What You'll Get
- $26 for one G-Pass for the mid or upper balcony (up to $47.75 value)
- $33 for one G-Pass for the orchestra or lower balcony (up to $58 value)
- Click here to view the seating chart
How G-Pass Works: Your G-Pass will be ready to print 48 hours after the deal ends. Print the G-Pass and use it to enter the venue directly; you won’t need to redeem at will call. Due to security restrictions, G-Passes cannot be redeemed through the mobile app. Discount reflects the merchant’s current ticket prices - price may differ on day of event.
Thomas “Nephew Tommy” Miles has a knack for radio—not to mention a knack for television, standup, film, theatre, entrepreneurship, and collecting knacks. To more than 8 million people, that’s no surprise at all: as the host of the nationally syndicated Steve Harvey Morning Show, he showcases several of his talents on a daily basis. But his listeners aren’t the only fans Tommy has won. New appreciators hop aboard the Nephew Tommy train every day through films such as Think Like a Man, his various USO tours, and Miles of Giving, his non-profit organization that works to support wounded veterans.
The Fine Print
Promotional value expires Nov 15, 2015. Limit 8/person. Valid only for option purchased. Refundable only on day of purchase. Must purchase together to sit together. Merchant reserves right to substitute closer seat. ADA seating cannot be guaranteed. Contact box office prior to purchase for availability. Holder assumes all risk in connection with the event and releases Groupon and its affiliates, Ticketmaster, venue and their affiliates from any related claims. Not redeemable on mobile app. Ticket value includes all fees. Discount reflects Ticketmaster's current ticket prices, which may change. Merchant is solely responsible to purchasers for the care and quality of the advertised goods and services.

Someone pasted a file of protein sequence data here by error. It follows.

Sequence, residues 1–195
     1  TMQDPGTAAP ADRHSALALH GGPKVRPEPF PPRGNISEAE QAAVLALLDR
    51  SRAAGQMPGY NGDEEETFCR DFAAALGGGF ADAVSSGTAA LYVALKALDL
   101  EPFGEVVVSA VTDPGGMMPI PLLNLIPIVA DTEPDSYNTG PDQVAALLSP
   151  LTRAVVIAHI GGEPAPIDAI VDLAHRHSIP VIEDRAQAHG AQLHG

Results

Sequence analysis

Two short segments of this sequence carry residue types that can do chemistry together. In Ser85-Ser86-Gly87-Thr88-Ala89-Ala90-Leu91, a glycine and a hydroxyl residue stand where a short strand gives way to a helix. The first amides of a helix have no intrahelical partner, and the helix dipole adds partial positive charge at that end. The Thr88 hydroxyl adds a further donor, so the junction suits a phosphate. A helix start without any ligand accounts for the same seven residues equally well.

About Saenger Theatre
When it first opened in 1927, the Saenger Theatre looked like a million bucks. Specifically, $2.5 million. It was a lavish investment at a time when $2.5 million wasn't chump change. Yet audiences could see where the money went, and sit in it too. The ads, which boasted "an acre of seats in a garden of Florentine splendor," didn't exaggerate—theatergoers were greeted by a stunning indoor replication of 15th century Italy, replete with a courtyard, gardens, and a cordial Donatello. Statues of Venus occupied pedestals, while a domed, twinkling ceiling gave joy to agoraphobic stargazers.
The venue suffered the same fate as much of its city in 2005, when Hurricane Katrina left its artificial Rome in ruins. But the public was unwilling to lose the storied space, and a 2013 restoration recently returned the Saenger to its former glory. Now looking like $52 million bucks, the Saenger sports the colors and finishes of the 1927 original, yet has been upgraded with some of the most technically advanced sound and lighting systems in the South.